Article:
Tag Archives: Childhood

Cars, Beautiful Cars

A little known fact about me (well, maybe not little-known to anyone who has ever had to wait for a cab with me outside a bar while I drunkenly call out car models that pass by) is that I love cars. I can identify car makes and models by the shape of their headlights, I think car shopping is one of the most interesting things in the world, and I once ended a relationship because the guy I was dating mixed up a Hummer and a Tahoe. It was more of a tipping point, you know, the “straw that broke the camel’s back” since I’m not that cold-hearted, but still.

It’s not like I grew up in a world of antique car shows or even a world where my parents bought more than one car every 15 years. My friends’ parents all drove Sunfires and Corollas.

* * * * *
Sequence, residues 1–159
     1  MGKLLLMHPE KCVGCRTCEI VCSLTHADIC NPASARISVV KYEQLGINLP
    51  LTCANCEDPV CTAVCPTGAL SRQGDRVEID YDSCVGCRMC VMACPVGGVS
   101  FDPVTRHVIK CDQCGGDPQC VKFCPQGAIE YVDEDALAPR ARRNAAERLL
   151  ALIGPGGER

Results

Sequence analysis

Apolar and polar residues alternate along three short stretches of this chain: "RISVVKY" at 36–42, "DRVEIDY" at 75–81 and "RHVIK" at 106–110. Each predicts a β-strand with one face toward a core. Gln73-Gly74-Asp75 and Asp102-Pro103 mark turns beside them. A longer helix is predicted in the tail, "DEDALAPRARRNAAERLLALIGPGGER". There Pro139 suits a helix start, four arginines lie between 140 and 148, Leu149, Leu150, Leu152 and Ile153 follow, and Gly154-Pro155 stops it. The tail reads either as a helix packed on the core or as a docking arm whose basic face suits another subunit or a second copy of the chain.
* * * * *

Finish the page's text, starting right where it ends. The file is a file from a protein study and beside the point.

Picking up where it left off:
I’m sure it all spawned from listening to the dinner table talk, where my autobody-shop-working dad told stories of hilarity about rich people who kept wrapping their Corvettes around poles and whatnot. Do you even know how much paint costs for  a Bentley?!? Here’s a hint: Watch out for poles when backing your 150 thousand dollar car up.

So I took a passive interest in cars. It’s not like I sat there with flash cards every night trying to memorize the slight differences between a Blazer and a Jimmy, but I still knew that your parents drove a Ford Winstar, not a Dodge Caravan you idiot.

I even had my own dream car growing up! A very specific one, too:

Although, I would have to update those rims.

I remember almost crying when we got a flyer in the mail advertising the new 5th gen Mustang. The front grill! What did they do? Oh my god!!

Crying over pictures of cars? Normal 12 year old girl behaviour, right?

I learned to accept it eventually.